Building a business case for password managers

Without the password alternatives, additional authentication factors, and some kind of password management system, the harsh truth is these small businesses and micro-enterprises will, undoubtedly, re-use passwords.

And, please, don't tell me a password management system that consists of a document filed away somewhere listing all the passwords within the enterprise is as safe as the next solution. Homebrew password solutions are best left to the hillbilly next door. There is no room for moonshine management in your business.

Whether you opt for an open source or proprietary password management solution makes little difference, as long as it has a proven track record and provides practical password creation, storage and retrieval.

Homebrew password solutions are best left to the hillbilly next door. There is no room for moonshine management in your business.

The argument I mentioned earlier about keeping all your passwords in one place is ripe for debate, but holds little real world water to me.

There are plenty of good software solutions to choose from, and always one that will be a good match for any given smaller enterprise requirement. This means there are those where the password vault is stored locally, and those that use the cloud for 'anywhere/anytime' access.

The latter gets the most stick in the easy target stakes, but Heartbleed has blown a huge hole in that argument.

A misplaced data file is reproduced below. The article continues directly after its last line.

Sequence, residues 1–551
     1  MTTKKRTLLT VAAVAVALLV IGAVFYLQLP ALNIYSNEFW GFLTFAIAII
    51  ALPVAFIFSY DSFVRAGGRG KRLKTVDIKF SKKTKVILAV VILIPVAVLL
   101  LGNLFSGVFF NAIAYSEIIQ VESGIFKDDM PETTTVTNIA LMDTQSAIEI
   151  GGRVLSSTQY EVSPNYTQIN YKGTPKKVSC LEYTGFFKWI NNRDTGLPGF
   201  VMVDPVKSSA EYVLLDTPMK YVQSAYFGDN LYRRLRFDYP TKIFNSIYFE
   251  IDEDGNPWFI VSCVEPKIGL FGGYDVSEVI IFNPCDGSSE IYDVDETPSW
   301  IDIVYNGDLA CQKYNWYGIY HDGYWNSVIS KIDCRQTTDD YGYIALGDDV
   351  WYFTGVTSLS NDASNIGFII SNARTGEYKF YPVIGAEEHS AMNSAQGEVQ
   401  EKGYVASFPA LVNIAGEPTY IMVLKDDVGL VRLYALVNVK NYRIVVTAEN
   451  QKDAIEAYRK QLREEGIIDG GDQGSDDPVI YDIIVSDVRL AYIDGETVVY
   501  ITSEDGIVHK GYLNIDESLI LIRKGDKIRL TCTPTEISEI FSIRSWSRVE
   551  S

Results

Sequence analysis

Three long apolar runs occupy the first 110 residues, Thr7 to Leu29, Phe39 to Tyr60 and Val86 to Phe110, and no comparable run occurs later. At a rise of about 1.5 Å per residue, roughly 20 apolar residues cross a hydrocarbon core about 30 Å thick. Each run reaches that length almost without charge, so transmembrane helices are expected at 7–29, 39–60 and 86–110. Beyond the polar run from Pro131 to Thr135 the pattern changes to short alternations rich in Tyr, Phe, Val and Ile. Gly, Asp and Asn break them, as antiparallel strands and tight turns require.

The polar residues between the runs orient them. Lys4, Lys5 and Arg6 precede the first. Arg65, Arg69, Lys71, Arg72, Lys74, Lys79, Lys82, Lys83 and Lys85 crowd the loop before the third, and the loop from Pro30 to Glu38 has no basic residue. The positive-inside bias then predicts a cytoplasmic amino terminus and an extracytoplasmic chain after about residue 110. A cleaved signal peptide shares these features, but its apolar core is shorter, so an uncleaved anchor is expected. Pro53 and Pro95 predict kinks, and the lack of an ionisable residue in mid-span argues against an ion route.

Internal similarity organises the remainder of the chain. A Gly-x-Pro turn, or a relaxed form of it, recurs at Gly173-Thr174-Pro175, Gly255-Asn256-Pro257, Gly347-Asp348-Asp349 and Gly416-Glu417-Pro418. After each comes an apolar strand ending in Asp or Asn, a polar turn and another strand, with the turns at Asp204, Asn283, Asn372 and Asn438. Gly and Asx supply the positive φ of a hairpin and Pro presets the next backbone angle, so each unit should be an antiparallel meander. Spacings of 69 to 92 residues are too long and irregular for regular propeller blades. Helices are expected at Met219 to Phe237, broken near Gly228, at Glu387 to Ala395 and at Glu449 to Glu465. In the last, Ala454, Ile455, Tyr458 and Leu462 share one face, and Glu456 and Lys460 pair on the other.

Most password manager services, even those who admit to having used an OpenSSL implementation, have stated that users don't need to change their master passwords.

This is because master passwords are never sent to the servers. Instead you will find something like the password being appended to an email or login validator and put through a salted one way hash that is sent to the server for authentication instead.

These hashes are as close to impossible as it gets to be reverse engineered. Oh, and they get signed by a key which is separate from the SSL key for good measure.

Players in the password manager market know their continued existence relies on users trusting them to know a bit about security, and implement it in such a way that the vault remains safe.

Will I continue to recommend password manager software to the smallest of enterprises on a small budget and with limited technical expertise? You betcha!

Of course, if your enterprise can run to using password management software and some form of two factor authentication as well, then I'd recommend that even more.

Davey Winder

Davey is a three-decade veteran technology journalist specialising in cybersecurity and privacy matters and has been a Contributing Editor at PC Pro magazine since the first issue was published in 1994. He's also a Senior Contributor at Forbes, and co-founder of the Forbes Straight Talking Cyber video project that won the ‘Most Educational Content’ category at the 2021 European Cybersecurity Blogger Awards.

Davey has also picked up many other awards over the years, including the Security Serious ‘Cyber Writer of the Year’ title in 2020. As well as being the only three-time winner of the BT Security Journalist of the Year award (2006, 2008, 2010) Davey was also named BT Technology Journalist of the Year in 1996 for a forward-looking feature in PC Pro Magazine called ‘Threats to the Internet.’ In 2011 he was honoured with the Enigma Award for a lifetime contribution to IT security journalism which, thankfully, didn’t end his ongoing contributions - or his life for that matter.

You can follow Davey on Twitter @happygeek, or email him at